The software is freely available, open source, and only requires Python with libraries included in standard distributions (re, math, sys, and os). The R code for producing the data graphics shown in the Figures is also included in the github distribution (this has software library dependencies), and a “master” script that breaks the calculation into smaller parts by chromosome and launches them in parallel for faster calculation of nonsynonymous variants on machines with more processor cores than there are chromosomes in the genome.

Abbreviations

SAM: 

Sequence Alignment/Map

GFF3: 

gene file format files

CNV: 

copy-number variant

SNP: 

single nucleotide polymorphism

PfATP4: 

sodium-dependent ATPase transporter

SRA: 

NCBI Short Read Archive

DSM1: 

dihydroorotate dehydrogenase inhibitor

Declarations

Authors’ contributions

JAH and JLD conceived of and designed the software and example applications. JAH wrote the software, prepared the figures, and drafted the manuscript. JLD and WW edited the manuscript and figures, tested and suggested improvements to the software. All authors read and approved the final manuscript.

Acknowledgements

Not applicable.

Competing interests

The authors declare that they have no competing interests.

Availability of data and materials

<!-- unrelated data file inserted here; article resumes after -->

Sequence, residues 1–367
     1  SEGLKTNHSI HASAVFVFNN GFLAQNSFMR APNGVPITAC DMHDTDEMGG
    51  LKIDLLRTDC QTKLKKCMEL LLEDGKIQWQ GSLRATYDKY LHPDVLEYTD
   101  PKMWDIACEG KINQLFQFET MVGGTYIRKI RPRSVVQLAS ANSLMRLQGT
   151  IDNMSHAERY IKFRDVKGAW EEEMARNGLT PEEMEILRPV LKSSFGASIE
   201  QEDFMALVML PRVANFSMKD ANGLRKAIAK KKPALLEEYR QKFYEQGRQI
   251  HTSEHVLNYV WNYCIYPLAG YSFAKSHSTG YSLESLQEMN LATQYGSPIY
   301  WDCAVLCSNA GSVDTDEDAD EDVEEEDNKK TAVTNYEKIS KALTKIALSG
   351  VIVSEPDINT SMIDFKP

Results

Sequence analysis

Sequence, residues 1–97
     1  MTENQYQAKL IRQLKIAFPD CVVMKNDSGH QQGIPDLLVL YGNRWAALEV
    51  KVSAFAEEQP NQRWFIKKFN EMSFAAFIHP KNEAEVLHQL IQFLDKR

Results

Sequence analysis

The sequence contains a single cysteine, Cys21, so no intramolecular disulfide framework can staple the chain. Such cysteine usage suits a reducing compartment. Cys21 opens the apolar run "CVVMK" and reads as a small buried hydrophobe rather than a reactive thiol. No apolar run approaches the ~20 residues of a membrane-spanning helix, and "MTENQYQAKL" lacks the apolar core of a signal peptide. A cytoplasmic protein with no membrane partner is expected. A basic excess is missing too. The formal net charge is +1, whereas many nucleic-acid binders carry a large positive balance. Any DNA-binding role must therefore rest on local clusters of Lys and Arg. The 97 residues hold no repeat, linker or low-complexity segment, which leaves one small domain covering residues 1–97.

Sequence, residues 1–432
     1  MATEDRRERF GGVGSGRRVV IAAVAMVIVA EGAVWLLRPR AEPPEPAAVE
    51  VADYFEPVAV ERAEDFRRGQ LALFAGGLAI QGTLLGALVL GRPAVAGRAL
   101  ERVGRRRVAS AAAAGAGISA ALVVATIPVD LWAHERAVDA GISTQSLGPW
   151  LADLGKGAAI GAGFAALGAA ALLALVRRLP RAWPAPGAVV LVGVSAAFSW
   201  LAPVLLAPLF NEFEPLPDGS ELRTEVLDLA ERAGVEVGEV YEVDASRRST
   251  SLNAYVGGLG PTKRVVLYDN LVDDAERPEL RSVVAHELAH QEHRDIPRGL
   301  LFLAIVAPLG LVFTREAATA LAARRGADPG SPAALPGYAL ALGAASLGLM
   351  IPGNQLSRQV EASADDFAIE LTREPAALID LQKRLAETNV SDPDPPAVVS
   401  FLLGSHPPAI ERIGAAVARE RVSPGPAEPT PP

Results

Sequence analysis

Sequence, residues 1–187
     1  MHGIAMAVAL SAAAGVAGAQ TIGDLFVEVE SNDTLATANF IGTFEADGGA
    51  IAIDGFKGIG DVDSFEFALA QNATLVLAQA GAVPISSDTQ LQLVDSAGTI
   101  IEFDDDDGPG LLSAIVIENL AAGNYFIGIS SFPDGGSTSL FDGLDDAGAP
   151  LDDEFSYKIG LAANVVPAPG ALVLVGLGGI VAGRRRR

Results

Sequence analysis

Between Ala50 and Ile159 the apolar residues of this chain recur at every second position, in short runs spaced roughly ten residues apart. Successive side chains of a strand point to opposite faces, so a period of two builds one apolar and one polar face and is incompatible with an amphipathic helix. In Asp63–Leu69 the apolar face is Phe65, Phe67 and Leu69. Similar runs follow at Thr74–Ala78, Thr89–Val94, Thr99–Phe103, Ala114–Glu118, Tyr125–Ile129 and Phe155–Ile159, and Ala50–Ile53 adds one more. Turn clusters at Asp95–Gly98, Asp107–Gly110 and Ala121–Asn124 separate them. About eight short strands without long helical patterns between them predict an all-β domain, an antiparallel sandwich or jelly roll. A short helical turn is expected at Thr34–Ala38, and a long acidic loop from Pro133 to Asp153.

All data are available on the NCBI Short Read Archive, and software is available as a supplement and will be deposited in GitHub upon publication. Data: https://www.ncbi.nlm.nih.gov/bioproject/PRJNA253899/.

Funding

JAH was funded by NIH/NIDCR training grant T32-DE007306. WW was funded by the Philippine California Advanced Research Institutes project IHITM 63. JLD was funded by the Howard Hughes Medical Institute.

Open AccessThis article is distributed under the terms of the Creative Commons Attribution 4.0 International License (http://creativecommons.org/licenses/by/4.0/), which permits unrestricted use, distribution, and reproduction in any medium, provided you give appropriate credit to the original author(s) and the source, provide a link to the Creative Commons license, and indicate if changes were made. The Creative Commons Public Domain Dedication waiver (http://creativecommons.org/publicdomain/zero/1.0/) applies to the data made available in this article, unless otherwise stated.

Authors’ Affiliations

(1)
Department of Biochemistry and Biophysics, University of California San Francisco School of Medicine
(2)
Chan-Zuckerberg BioHub

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© The Author(s) 2017